From the early nineteenth century until about 1980, a close relationship developed in Norway between the state and the medical profession. Medicine became integrated into the state at all levels of government, and the profession assumed important roles in initiating and formulating health policy. Another, and perhaps also causally related, development has been that health policyand most strikingly during postwar expansiontended to be formulated and implemented in its own policy sector, with few links to other parts of the welfare state. Important elements of the “profession state” in Norway have thus been professional integration with the state and institutional isolation from other policy sectors. Health reforms of the 1980s and 1990s brought changes in institutional relations: Other professions have replaced physicians as experts at central and local levels, and health policy making has become more politicized and integrated into welfare state policies. Thus there are clear indications that the profession state is waning.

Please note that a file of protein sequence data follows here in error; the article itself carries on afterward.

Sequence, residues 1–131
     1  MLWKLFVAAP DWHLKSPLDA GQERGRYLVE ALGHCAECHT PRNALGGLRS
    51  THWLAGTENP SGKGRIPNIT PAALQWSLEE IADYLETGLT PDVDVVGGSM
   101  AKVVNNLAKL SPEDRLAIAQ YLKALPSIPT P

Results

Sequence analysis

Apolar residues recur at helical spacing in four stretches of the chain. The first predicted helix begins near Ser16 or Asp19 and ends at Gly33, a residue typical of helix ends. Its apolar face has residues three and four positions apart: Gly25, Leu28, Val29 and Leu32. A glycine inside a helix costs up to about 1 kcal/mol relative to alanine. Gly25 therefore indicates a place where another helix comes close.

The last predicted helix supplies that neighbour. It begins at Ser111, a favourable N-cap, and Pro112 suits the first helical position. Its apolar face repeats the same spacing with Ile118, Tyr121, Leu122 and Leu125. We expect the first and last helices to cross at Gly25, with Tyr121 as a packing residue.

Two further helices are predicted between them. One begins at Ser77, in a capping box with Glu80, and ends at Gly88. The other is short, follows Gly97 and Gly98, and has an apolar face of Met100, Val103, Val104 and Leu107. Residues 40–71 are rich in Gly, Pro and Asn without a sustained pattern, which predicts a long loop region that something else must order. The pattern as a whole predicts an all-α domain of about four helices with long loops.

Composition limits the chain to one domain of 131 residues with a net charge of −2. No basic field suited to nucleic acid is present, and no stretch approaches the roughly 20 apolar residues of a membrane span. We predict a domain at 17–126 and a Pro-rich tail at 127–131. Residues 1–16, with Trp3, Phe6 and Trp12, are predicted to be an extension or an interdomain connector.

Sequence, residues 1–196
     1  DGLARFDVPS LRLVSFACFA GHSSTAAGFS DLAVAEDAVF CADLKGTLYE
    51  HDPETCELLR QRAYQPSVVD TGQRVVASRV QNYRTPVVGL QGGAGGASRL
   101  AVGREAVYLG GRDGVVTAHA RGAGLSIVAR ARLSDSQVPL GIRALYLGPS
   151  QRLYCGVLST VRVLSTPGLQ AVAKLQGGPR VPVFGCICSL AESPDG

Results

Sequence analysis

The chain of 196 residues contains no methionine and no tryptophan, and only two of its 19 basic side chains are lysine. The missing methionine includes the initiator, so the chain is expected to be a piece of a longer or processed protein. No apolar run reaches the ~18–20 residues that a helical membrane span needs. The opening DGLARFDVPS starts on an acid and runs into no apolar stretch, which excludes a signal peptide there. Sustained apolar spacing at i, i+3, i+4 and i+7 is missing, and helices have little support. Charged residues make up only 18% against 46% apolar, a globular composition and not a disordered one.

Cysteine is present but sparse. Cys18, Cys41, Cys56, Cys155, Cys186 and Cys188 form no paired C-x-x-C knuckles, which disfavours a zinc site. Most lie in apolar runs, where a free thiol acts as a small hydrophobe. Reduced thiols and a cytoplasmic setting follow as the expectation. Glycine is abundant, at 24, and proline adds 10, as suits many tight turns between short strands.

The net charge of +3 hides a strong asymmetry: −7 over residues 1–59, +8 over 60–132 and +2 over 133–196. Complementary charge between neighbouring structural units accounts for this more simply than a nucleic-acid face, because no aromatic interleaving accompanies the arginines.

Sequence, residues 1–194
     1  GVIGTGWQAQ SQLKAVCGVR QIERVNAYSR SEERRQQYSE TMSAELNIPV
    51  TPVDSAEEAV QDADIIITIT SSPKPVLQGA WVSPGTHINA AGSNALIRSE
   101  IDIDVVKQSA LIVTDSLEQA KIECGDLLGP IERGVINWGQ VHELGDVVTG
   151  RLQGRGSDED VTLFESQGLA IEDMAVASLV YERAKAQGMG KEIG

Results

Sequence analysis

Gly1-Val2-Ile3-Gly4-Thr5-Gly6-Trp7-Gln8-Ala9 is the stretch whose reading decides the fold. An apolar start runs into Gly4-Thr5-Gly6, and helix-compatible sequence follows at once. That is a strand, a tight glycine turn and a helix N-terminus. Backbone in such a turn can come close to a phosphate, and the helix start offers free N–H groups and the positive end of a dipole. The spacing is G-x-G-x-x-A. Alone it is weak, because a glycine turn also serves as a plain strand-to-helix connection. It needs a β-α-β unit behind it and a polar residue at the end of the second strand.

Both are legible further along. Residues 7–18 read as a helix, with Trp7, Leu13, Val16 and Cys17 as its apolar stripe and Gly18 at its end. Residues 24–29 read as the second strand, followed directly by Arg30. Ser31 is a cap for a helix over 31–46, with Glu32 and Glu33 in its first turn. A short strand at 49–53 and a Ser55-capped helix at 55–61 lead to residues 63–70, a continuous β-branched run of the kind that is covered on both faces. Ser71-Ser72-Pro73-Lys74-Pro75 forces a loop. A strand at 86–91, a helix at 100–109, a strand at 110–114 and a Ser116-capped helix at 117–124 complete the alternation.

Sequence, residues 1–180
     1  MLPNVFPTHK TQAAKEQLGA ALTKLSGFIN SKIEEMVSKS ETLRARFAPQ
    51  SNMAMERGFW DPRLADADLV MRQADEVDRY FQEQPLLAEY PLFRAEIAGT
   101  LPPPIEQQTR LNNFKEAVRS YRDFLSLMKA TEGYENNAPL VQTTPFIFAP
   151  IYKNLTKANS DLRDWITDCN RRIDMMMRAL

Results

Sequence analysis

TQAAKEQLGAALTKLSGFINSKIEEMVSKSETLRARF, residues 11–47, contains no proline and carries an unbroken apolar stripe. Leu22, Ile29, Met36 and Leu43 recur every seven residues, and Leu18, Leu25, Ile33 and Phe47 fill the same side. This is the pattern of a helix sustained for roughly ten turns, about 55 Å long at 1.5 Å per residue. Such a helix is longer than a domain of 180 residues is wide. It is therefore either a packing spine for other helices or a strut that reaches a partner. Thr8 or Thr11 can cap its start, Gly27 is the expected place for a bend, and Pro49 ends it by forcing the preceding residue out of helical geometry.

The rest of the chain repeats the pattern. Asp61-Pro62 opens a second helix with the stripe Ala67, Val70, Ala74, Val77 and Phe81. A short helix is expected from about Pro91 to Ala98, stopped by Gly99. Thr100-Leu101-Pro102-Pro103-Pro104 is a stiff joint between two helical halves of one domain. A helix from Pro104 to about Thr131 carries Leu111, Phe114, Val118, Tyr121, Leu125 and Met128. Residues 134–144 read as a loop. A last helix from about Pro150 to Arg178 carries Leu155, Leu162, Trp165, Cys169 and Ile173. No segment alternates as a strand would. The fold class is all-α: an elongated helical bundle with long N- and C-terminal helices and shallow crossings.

Vibeke Erichsen; Health Care Reform in Norway: The End of the “Profession State”?. J Health Polit Policy Law 1 June 1995; 20 (3): 719–737. doi: https://doi.org/10.1215/03616878-20-3-719
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